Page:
The teacher came back and we helped him onto his wheelchair.

He had my hand in a tight grip as his teacher wheeled him to his homeroom. “Why couldn’t they have children?”, he asked as we were leaving the room. “Well, she had some medical complications. Some people can’t have children.”, I explained. “She died first. Carl Ojii-san must be sad.”, he said.

At this point, I really had NO clue what to say to make anything  better. “mmm, death is sad isn’t it? But you know, we all have bad things that happen to us throughout our lives. We just need to stay positive or our entire lives will be sad! I have sad things happen to me ALL the time!”

“Oh, what kind of sad things happen to you?”, he pressed.

“Well, just this month, I was sick, my laptop broke down and my iPhone was stolen!”, I went on telling him some shitty stuff that had happened in my life and was telling him how I felt devastated when MY grandpa had passed away.

“Oh, you have your grandma?”, he asked.

“mmhmm” I replied, as we entered his homeroom.

A nurse was waiting for him to clear out the phlegm in his throat/lungs. As she did whatever she had to do, I quietly apologised to his homeroom teacher for triggering this reaction in him, but she whispered that it wasn’t my fault and that this was somewhat a daily occurance these days and that he had just reached a stage where the concept of death was setting in.

When the nurse fisnished helping him, we lifted him off his wheelchair to get him to lie down and rest. For the HUGE personality he supports, his frame really looked small and fragile in that moment, leaning heavily on me and his homeroom teacher.

He continued asking me more questions and even as I told him I needed to go to my next class, he asked “what class do you need to be at?” I always have a feeling that he knows  full and well that asking questions keeps people with him. Leaving him is always so difficult because I feel like I have to cut him off and physically remove myself.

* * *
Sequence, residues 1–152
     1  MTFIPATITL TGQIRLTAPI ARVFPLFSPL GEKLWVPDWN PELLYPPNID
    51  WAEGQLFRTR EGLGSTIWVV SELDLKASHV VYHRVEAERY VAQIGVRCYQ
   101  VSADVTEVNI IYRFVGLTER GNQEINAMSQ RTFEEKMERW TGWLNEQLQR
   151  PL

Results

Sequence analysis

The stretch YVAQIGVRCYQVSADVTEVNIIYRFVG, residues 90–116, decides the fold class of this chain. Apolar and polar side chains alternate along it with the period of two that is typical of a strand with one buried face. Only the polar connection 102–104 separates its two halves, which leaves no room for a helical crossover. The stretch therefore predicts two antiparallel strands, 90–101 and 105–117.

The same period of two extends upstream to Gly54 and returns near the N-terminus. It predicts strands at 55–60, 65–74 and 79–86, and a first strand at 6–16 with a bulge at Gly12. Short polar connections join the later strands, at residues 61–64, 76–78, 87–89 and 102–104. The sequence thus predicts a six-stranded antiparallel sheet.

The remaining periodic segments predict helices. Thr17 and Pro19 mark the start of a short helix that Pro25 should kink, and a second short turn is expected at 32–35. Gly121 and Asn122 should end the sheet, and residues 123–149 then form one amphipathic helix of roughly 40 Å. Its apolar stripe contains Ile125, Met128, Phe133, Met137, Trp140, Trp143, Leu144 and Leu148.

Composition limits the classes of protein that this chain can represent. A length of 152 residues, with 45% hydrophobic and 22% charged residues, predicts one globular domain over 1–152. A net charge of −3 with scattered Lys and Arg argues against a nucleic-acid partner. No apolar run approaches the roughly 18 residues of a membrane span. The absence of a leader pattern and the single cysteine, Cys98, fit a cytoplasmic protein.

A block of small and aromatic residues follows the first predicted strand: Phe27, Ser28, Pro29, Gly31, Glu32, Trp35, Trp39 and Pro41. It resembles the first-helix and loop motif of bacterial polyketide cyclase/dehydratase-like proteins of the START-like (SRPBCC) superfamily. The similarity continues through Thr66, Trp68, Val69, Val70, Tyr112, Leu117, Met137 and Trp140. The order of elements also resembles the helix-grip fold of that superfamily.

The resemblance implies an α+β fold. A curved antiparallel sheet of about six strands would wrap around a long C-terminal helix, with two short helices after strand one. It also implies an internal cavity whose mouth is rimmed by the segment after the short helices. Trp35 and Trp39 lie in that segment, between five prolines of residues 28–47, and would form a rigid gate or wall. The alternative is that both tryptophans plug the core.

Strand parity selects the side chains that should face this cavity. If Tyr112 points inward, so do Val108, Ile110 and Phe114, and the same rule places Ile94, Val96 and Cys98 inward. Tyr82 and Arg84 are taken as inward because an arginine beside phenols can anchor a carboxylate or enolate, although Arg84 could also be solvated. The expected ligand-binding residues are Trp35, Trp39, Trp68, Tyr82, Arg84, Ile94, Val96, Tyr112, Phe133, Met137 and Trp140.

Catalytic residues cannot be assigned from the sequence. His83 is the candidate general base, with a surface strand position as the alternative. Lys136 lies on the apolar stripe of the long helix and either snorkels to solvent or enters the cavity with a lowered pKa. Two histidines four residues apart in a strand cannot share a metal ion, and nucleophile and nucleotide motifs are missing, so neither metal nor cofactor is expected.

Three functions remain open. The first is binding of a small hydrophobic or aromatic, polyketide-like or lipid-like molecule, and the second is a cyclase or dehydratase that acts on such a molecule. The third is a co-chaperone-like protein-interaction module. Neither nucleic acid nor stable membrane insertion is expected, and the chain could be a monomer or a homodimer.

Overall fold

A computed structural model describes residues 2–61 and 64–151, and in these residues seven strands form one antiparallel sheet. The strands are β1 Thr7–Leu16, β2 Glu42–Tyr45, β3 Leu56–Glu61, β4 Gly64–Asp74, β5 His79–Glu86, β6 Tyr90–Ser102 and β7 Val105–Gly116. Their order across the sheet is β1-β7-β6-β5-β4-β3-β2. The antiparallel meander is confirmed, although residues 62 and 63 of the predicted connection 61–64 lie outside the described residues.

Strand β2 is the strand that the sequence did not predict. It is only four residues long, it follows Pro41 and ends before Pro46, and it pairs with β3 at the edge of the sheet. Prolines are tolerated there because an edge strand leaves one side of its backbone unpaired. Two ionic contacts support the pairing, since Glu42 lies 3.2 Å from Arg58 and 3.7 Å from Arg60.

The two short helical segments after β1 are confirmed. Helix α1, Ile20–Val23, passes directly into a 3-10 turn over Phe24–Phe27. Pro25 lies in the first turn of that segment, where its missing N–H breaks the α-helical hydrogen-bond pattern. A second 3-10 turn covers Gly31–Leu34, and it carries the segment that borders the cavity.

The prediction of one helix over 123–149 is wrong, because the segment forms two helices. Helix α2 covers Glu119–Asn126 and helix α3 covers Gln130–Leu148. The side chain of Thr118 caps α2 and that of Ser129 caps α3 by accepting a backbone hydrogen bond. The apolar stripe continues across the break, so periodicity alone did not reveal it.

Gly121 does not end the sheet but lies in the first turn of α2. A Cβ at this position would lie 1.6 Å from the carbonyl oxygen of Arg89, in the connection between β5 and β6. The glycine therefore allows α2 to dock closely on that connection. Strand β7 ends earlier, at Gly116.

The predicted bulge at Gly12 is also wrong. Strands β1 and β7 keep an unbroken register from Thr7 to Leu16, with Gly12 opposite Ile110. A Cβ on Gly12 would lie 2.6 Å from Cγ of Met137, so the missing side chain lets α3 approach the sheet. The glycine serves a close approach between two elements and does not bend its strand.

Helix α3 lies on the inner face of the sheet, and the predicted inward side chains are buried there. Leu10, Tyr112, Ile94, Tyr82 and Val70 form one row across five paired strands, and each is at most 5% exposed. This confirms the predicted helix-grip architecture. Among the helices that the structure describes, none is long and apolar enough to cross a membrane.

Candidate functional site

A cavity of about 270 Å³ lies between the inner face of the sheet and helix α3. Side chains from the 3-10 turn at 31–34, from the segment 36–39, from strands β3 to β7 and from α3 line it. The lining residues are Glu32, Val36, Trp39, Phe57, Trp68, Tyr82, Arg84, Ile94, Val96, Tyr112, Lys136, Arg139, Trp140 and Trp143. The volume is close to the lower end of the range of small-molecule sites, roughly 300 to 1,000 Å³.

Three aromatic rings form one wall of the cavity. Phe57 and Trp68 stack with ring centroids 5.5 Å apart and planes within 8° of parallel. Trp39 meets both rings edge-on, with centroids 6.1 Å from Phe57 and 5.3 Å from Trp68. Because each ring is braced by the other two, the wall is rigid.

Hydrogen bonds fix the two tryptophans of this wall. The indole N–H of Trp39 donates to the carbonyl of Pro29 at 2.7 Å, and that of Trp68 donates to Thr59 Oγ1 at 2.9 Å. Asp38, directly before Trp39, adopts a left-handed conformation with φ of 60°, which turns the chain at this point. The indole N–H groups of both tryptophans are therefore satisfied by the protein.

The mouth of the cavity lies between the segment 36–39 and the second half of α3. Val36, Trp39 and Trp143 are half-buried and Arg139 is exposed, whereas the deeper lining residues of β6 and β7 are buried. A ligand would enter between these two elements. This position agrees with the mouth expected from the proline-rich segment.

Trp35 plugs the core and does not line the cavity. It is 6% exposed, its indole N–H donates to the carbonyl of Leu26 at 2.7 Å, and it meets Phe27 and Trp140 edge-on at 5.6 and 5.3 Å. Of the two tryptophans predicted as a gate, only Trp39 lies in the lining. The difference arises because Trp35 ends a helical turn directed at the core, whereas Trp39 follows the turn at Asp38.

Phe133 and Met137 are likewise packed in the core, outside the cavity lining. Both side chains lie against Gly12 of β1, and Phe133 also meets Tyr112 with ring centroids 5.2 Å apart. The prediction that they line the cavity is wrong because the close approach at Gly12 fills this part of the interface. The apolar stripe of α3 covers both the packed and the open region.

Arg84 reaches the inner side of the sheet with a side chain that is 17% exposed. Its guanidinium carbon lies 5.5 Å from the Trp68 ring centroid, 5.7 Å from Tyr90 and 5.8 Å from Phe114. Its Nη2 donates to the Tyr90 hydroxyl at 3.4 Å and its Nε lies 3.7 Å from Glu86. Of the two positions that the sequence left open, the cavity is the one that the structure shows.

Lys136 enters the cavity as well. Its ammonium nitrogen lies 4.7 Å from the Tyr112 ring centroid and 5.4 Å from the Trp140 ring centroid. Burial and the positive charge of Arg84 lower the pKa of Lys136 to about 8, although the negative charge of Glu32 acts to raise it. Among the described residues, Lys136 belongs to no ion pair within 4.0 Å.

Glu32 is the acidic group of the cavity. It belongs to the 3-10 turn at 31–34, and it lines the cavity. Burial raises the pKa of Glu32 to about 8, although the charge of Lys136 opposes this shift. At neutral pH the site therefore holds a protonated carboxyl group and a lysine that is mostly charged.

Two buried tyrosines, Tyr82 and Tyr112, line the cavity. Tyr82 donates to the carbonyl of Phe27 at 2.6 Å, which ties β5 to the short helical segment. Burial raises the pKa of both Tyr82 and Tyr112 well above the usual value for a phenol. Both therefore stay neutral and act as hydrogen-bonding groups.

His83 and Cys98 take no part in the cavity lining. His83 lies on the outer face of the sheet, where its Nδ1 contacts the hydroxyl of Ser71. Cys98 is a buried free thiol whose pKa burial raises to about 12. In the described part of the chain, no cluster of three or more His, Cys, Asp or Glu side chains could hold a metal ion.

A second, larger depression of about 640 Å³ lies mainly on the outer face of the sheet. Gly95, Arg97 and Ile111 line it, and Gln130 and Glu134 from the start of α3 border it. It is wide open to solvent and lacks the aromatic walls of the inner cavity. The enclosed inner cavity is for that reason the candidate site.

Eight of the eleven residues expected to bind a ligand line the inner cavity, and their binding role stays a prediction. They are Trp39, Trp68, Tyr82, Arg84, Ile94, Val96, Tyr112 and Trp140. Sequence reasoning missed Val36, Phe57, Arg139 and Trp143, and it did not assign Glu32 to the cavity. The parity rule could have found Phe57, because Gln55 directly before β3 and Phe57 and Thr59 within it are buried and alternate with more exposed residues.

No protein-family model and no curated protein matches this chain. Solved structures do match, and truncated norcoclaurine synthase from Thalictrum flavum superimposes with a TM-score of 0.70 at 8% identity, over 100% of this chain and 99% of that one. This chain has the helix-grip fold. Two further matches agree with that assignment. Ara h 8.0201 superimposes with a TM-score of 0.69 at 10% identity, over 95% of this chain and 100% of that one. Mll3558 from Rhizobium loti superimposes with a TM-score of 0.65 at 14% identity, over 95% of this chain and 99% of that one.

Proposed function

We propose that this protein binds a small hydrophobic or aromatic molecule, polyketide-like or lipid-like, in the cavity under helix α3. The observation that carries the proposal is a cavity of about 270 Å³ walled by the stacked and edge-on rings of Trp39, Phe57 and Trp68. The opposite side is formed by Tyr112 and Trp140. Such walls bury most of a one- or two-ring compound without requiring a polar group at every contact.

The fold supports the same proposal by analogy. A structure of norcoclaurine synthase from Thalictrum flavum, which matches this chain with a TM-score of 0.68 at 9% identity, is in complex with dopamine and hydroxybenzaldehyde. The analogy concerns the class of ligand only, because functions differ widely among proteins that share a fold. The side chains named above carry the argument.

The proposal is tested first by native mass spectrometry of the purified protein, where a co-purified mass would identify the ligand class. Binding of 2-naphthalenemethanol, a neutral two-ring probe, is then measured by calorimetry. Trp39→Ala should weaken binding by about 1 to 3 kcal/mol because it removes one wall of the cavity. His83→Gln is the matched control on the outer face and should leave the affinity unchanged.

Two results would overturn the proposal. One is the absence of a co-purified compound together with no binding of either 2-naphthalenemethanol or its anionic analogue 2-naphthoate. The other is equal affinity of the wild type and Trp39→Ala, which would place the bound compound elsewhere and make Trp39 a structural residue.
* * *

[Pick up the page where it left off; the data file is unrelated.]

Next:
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By the end of the day, he seemed to have cheered up just a little although he still looked extremely tired. We took him to his day service van and chatted for a while. I even managed to tease him about being a “smelly pineapple” to bait him into squaking “NO!!!!” at me.

Before he was driven off to the day service, he said his signature line “I’ll be back!”

His homeroom teacher and I chatted after he’d left for the day. She’s glad I’m there to talk to him and said that I’m a big help. It’s a little heart warming, and for just a bit, I felt that my presense in the school was worth it. I’m extremely grateful that my special school doesn’t stop me from talking to this boy or think of me as intrusive. In fact, they’ve done nothing but encourage and support me whenever I try to teach new things to the children.

I can’t help feel anxious though. I visit this school once a week. I’m an obvious outsider. I know NOTHING about the kind of troubles these teachers must go through on a daily basis both physically and emotionally to help these amazing children. I worry about overr-stepping bounderies and saying the wrong thing.

At the same time, I’ll do pretty much anything for these people if it means I can help them even a little.

So here I am. This unplesant feeling sits in my chest and I don’t really know what I’m doing. The teachers at my special school always comment on how much energy I have, but the truth is, I get it all from the amazing children. I can smile and do crazy things because I’m met with equal enthusiam and response from my students. And, that’s the least I can give if it makes at least one person’s day better.

Did I think teaching at a special school would come to this? Not at all. But, these children really have taught me to chrish life a lot more than I would have thought possible. And, there’s no way teaching can happen if we look at the students like they’ve got the Reaper standing over them. So, when Tuesday comes around again, I’ll go back in there with all the smiles in the world and give it my 1million percent.

 

 

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Yaguzilla and Late realizations